Issue #62: The Problem with "Day in the Life" Posts
And 5 things poet Kate Baer can't live without.
Morning Person is a weekly newsletter packed with obsessively-curated recommendations and ideas—let’s get to it!
📺 Let’s All Go to Italy (…Or Not): In the Netflix miniseries “From Scratch” starring Zoe Saldaña, based on Tembi Locke’s memoir, Amy goes to Italy for a study-abroad program in art and falls in love with a Sicilian chef. What follows is the ups and downs of their love affair (if you like surprises, don’t watch the trailer, which gives away the entire show). It’s much more engaging than I thought it would be! To linger under the Tuscan sun… consider pairing with the second season of “White Lotus,” and the latest season of Stanley Tucci’s “Searching for Italy” and his memoir. Over it? Read the article, “I Am Tired of Watching People Go to Italy.”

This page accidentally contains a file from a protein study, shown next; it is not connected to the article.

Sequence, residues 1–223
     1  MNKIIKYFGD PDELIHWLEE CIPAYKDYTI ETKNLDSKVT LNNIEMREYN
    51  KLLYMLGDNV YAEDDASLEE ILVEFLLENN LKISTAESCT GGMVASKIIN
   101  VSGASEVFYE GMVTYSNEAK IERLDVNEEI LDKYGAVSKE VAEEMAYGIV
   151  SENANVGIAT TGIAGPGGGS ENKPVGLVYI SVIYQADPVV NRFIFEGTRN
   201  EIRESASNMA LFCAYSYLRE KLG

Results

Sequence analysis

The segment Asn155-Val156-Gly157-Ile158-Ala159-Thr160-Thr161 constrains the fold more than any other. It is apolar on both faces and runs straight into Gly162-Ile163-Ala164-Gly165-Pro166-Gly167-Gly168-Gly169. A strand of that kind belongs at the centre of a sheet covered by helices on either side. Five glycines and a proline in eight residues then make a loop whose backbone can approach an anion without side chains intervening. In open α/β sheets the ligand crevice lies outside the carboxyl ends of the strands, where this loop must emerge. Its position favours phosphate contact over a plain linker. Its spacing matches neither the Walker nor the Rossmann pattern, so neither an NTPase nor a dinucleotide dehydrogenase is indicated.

📚 The Passenger by Cormac McCarthy: There are characters and scenes that stick with me from Cormac McCarthy books I read years ago, like the persistently dark Chigurh in No Country for Old Men, and the frightening cellar discovery (no spoilers) in The Road. His latest book, The Passenger, out last week, is his first novel in over fifteen years (and the first of a pair that will be released next month, each narrated by a brother/sister, respectively). True to form, it begins with the unforgettable image of the narrator, Bobby Western, coming upon a woman hanging from a tree in a snowy field. The book is… difficult to describe, as McCarthy weaves questions of physics, morality, and ethics around a fidgety, if compelling, plot. I’m glad I read it, though it sometimes felt I was earning a badge for a certain kind of cocktail party where a guest would ask, “Have you read the new McCarthy?” If you aren’t already a fan, it may be worth skipping in honor of the New York Times review which ruminates on the “Janus quality” of the pair of books, and may have been more interesting to me than the book itself... If you’re looking for an alternative, I also finally read and loved Hamnet by Maggie O’Farrell, about Shakespeare’s spell-casting wife, and his son’s death from the plague.